Welcome to Mooseport review by Mike Long

At dinner recently, I ordered an appetizer of calamari. It came with the usual marinara sauce, but it was also accompanied by a white sauce that I couldn't identify. Was it horseradish? Mayonnaise? Well, I'm still not sure what it was, as it had no taste whatsoever. I could see it and touch it, but it left no impression on me. The film Welcome to Mooseport had a very similar effect.

Welcome to Mooseport is set in a small, tranquil New England village. The outgoing U.S. President, Monroe "Eagle" Cole (Gene Hackman) has moved to town, as his ex-wife, Charlotte (Christine Baranski) got his main house in the divorce settlement. Accompanied by his assistants, Grace (Marcia Gay Harden) and Bullard (Fred Savage), Cole plans to pursue a life of speaking engagements and book deals. This changes when the town elders approach Cole to be mayor of Mooseport, an idea he considers flattering, but beneath him. Meanwhile, local hardware store owner "Handy" Harrison (Ray Romano) is dealing with his own problems. His long-time girlfriend, Sally (Maura Tierney), giving him the cold-shoulder for not proposing after six years of dating. Things get worse when Sally accepts a dinner invitation from Cole. Handy had registered as a candidate for mayor, hoping to help the town, but when he realizes that he will be competing with Cole for Sally's affections, he decides that they should compete in an election as well. Soon, the political battle becomes an intensely personal one.

Welcome to Mooseport has to be one of the most benign movies that I've ever seen. The film isn't necessarily bad, in that it's professionally shot and contains many good actors, but it certainly isn't good. Like that innocuous white sauce, the movie simply sits there doing nothing. Given the film's story and the cast involved, one expects certain things from Welcome to Mooseport, but the film delivers very little. The race between Handy and Cole, which one would expect to get very nasty, never goes anywhere. The animosity between Cole and his ex-wife produces no on-screen fireworks. Handy's relationship with Sally is bland at best, and it's very difficult for the audience to care if they stay together. Every facet of this film comes across with a whimper instead of a bang, making the movie's 115 minute running time a true test of endurance.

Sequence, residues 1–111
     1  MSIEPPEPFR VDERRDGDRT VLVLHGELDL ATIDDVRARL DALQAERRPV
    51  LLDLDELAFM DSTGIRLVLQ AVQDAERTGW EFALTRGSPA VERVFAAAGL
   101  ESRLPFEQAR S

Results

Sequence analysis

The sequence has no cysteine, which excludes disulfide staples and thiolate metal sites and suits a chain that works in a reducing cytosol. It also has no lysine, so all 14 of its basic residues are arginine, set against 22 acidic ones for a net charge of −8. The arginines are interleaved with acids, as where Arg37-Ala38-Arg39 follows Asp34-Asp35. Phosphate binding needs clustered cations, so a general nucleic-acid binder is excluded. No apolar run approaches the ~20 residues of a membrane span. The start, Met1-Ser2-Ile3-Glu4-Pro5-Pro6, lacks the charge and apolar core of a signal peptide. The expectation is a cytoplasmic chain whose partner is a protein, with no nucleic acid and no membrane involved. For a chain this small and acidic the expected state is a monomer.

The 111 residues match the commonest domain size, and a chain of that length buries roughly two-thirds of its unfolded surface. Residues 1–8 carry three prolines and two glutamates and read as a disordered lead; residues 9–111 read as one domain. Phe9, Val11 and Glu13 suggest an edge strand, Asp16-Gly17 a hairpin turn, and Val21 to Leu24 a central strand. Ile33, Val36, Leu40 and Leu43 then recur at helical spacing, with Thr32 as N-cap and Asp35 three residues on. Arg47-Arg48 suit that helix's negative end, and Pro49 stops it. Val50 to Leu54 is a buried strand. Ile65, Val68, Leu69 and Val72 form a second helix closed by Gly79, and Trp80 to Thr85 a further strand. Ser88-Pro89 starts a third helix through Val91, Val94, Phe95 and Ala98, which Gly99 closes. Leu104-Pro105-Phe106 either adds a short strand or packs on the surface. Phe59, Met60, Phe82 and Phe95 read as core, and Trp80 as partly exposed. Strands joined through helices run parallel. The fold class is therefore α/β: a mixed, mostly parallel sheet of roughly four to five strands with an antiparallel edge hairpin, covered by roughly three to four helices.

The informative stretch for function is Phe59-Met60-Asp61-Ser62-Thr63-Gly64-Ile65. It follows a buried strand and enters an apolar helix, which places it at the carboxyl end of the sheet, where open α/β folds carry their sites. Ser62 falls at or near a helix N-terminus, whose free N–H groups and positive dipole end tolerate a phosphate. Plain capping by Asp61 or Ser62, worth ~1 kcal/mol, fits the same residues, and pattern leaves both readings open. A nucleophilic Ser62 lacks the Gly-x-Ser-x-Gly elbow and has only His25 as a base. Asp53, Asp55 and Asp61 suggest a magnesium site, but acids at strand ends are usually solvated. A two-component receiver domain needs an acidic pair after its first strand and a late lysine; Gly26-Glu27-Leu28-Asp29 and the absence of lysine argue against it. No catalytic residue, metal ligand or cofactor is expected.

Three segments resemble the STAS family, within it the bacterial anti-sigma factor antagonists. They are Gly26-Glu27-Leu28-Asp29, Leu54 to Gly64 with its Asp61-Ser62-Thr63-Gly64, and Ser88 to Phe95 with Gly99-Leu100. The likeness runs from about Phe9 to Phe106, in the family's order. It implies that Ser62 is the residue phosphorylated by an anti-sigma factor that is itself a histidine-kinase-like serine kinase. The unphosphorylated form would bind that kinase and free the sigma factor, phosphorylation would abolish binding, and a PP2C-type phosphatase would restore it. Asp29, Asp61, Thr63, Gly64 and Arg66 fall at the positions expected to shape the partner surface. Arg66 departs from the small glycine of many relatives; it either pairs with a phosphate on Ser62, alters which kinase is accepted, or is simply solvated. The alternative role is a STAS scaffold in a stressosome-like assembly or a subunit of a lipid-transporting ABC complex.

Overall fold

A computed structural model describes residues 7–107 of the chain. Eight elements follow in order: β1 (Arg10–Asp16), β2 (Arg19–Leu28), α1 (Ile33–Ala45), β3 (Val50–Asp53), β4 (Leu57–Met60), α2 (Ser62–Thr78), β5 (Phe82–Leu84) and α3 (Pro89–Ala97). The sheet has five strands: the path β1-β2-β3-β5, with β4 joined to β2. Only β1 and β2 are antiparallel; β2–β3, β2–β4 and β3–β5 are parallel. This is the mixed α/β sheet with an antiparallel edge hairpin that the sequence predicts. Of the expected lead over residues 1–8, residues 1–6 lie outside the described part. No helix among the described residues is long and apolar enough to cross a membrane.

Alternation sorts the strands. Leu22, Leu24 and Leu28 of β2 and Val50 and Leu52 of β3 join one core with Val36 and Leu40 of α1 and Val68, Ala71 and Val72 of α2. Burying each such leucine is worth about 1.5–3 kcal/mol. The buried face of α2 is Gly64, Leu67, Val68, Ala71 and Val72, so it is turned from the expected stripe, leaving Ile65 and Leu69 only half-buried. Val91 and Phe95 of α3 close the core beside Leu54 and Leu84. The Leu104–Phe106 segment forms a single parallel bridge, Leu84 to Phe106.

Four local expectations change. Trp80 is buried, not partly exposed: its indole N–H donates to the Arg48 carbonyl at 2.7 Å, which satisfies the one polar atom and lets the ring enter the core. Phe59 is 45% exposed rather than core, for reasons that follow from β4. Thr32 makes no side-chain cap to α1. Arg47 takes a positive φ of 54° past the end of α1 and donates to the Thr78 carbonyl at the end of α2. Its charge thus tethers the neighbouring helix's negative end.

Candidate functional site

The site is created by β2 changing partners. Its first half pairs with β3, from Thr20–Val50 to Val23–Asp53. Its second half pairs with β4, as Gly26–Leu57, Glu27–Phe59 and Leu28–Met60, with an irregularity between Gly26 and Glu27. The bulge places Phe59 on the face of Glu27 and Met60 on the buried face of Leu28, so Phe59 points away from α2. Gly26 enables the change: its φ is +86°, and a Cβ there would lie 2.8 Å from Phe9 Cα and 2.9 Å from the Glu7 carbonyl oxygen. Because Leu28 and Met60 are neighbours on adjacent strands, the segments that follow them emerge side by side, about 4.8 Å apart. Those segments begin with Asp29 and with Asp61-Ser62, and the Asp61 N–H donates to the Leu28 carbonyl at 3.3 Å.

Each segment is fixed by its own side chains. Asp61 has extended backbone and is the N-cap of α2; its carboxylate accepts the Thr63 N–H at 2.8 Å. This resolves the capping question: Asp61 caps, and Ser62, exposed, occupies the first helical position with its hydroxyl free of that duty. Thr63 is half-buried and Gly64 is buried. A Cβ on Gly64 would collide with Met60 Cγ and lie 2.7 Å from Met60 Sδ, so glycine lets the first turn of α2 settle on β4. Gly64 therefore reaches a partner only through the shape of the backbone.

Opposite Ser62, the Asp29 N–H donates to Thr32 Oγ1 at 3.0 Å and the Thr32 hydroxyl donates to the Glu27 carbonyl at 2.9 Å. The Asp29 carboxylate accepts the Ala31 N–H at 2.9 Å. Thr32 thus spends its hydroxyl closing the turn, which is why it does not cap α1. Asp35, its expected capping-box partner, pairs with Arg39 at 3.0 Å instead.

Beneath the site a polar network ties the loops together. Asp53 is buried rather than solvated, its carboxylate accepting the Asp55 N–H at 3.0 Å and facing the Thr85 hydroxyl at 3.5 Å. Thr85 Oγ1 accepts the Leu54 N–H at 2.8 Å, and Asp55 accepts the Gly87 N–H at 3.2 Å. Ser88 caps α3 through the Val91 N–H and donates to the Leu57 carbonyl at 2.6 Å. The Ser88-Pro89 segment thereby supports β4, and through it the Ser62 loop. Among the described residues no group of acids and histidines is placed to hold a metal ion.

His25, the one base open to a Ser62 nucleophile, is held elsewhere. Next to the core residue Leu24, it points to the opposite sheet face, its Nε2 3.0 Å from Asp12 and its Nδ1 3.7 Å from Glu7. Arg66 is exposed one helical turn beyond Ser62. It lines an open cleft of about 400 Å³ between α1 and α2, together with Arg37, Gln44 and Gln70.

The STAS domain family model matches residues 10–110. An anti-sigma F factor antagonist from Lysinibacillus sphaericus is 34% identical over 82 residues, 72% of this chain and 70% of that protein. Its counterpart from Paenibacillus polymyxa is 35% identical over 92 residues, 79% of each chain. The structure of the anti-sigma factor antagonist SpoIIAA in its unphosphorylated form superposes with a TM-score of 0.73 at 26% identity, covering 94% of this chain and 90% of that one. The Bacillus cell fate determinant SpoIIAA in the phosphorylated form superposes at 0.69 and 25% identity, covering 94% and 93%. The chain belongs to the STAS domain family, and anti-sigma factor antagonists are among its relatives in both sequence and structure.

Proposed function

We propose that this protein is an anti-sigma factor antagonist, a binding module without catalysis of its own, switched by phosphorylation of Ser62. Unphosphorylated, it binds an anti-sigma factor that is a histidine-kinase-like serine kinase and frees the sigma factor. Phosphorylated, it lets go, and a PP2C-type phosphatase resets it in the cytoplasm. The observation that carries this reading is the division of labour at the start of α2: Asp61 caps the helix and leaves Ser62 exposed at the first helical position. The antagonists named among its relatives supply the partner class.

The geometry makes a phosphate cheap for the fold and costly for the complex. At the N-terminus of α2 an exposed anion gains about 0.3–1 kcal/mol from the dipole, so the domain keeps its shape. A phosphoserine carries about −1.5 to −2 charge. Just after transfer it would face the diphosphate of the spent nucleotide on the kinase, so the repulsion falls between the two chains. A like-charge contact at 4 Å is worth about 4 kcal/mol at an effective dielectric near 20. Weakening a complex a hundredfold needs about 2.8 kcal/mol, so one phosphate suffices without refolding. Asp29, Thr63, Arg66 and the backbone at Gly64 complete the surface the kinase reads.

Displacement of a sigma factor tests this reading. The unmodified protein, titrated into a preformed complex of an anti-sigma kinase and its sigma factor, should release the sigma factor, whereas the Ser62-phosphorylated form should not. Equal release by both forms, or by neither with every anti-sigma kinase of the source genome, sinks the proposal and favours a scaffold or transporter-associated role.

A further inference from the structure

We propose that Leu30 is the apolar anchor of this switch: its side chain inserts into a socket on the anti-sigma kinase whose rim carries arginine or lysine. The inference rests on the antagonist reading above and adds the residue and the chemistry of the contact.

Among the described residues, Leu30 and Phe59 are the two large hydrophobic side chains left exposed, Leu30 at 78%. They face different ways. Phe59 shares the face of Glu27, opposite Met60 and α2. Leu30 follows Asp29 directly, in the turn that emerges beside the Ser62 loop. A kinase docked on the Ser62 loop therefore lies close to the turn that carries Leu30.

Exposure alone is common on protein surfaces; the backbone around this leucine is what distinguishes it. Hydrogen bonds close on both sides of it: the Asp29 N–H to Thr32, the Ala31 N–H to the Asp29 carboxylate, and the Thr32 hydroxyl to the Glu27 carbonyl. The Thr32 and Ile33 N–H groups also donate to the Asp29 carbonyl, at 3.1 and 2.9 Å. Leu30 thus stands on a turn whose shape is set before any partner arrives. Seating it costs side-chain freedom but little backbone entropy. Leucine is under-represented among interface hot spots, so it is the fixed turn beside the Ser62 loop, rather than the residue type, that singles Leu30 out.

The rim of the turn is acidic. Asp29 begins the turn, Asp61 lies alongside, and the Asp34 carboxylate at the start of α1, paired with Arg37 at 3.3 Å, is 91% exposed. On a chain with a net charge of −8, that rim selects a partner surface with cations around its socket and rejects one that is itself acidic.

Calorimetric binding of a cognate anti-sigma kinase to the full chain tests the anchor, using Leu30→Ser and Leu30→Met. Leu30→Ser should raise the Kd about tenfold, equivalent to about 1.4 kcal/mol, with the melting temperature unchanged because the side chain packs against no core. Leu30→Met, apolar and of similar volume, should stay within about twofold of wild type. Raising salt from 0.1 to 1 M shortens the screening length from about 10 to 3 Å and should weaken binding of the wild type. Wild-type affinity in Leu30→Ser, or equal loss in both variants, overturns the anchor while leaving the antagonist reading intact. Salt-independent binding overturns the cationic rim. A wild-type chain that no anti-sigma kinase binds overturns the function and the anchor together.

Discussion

The movie's biggest sin is that it isn't funny. Welcome to Mooseport is billed as a comedy, but delivers only a handful of laughs, most of these being cheap one-liners. The only true laugh in the film comes from a funny picture of Romano. Ray Romano can be very funny, but the Welcome to Mooseport script gives him nothing to work with. While Hackman is known for his dramatic work, his proven in the past, with films such as The Birdcage, that he can be funny, but he falls flat here as well. Director Donald Petrie has made some lackluster films in the past (Richie Rich, My Favorite Martian, How to Lose a Guy in 10 Days) To be honest, Welcome to Mooseport reminded me of a run-of-the-mill TV movie. The story is uninspired, the script is vapid, and the actors are wasted. When making your travel plans, you may want to re-think a trip to Mooseport.

Welcome to Mooseport hoofs onto DVD courtesy of 20th Century Fox Home Entertainment. The film is coming to DVD in two separate releases, one widescreen and one full-frame. For the purposes of this review, only the widescreen version was viewed. The film has been letterboxed at 1.85:1 and the transfer is enhanced for 16 x 9 TVs. This transfer is quite good, as the image is very sharp and clear, showing basically no grain. There is some mild artifacting, which is evident mostly in minor haloes, but this isn't overly distracting. The colors are very good, and the image has a nice depth of field. The DVD carries a Dolby Digital 5.1 audio track which delivers clear dialogue with no hissing or distortion. The track provides some nice stereo separation, but the surround sound effects come only during the crowd scenes or musical cues. Also, the subwoofer effects are very discrete.

The DVD contains a few extras. We start with an audio commentary from director Donald Petrie. This is an OK commentary, as Petrie maintains a nice conversational tone throughout, but listening to someone talk about a dull movie isn't very entertaining. He does a fine job of pointing out which lines were ad-libs (which seems to be about 90% of them) and has many nice things to say about his cast. The disc contains six deleted scenes, which can be viewed with or without commentary from Petrie. These scenes comprise eight minutes and there is a "Play All" feature. These scenes aren't very impressive and are mostly throw-aways. The 2 1/2 minute "Outtake Reel" is much better and contains more laughs than the movie itself. Finally, we have a 77-second faux TV commercial featuring Gene Hackman which was cut from the film. This can be viewed with either English or Norwegian audio.

3 out of 10 Jackasses

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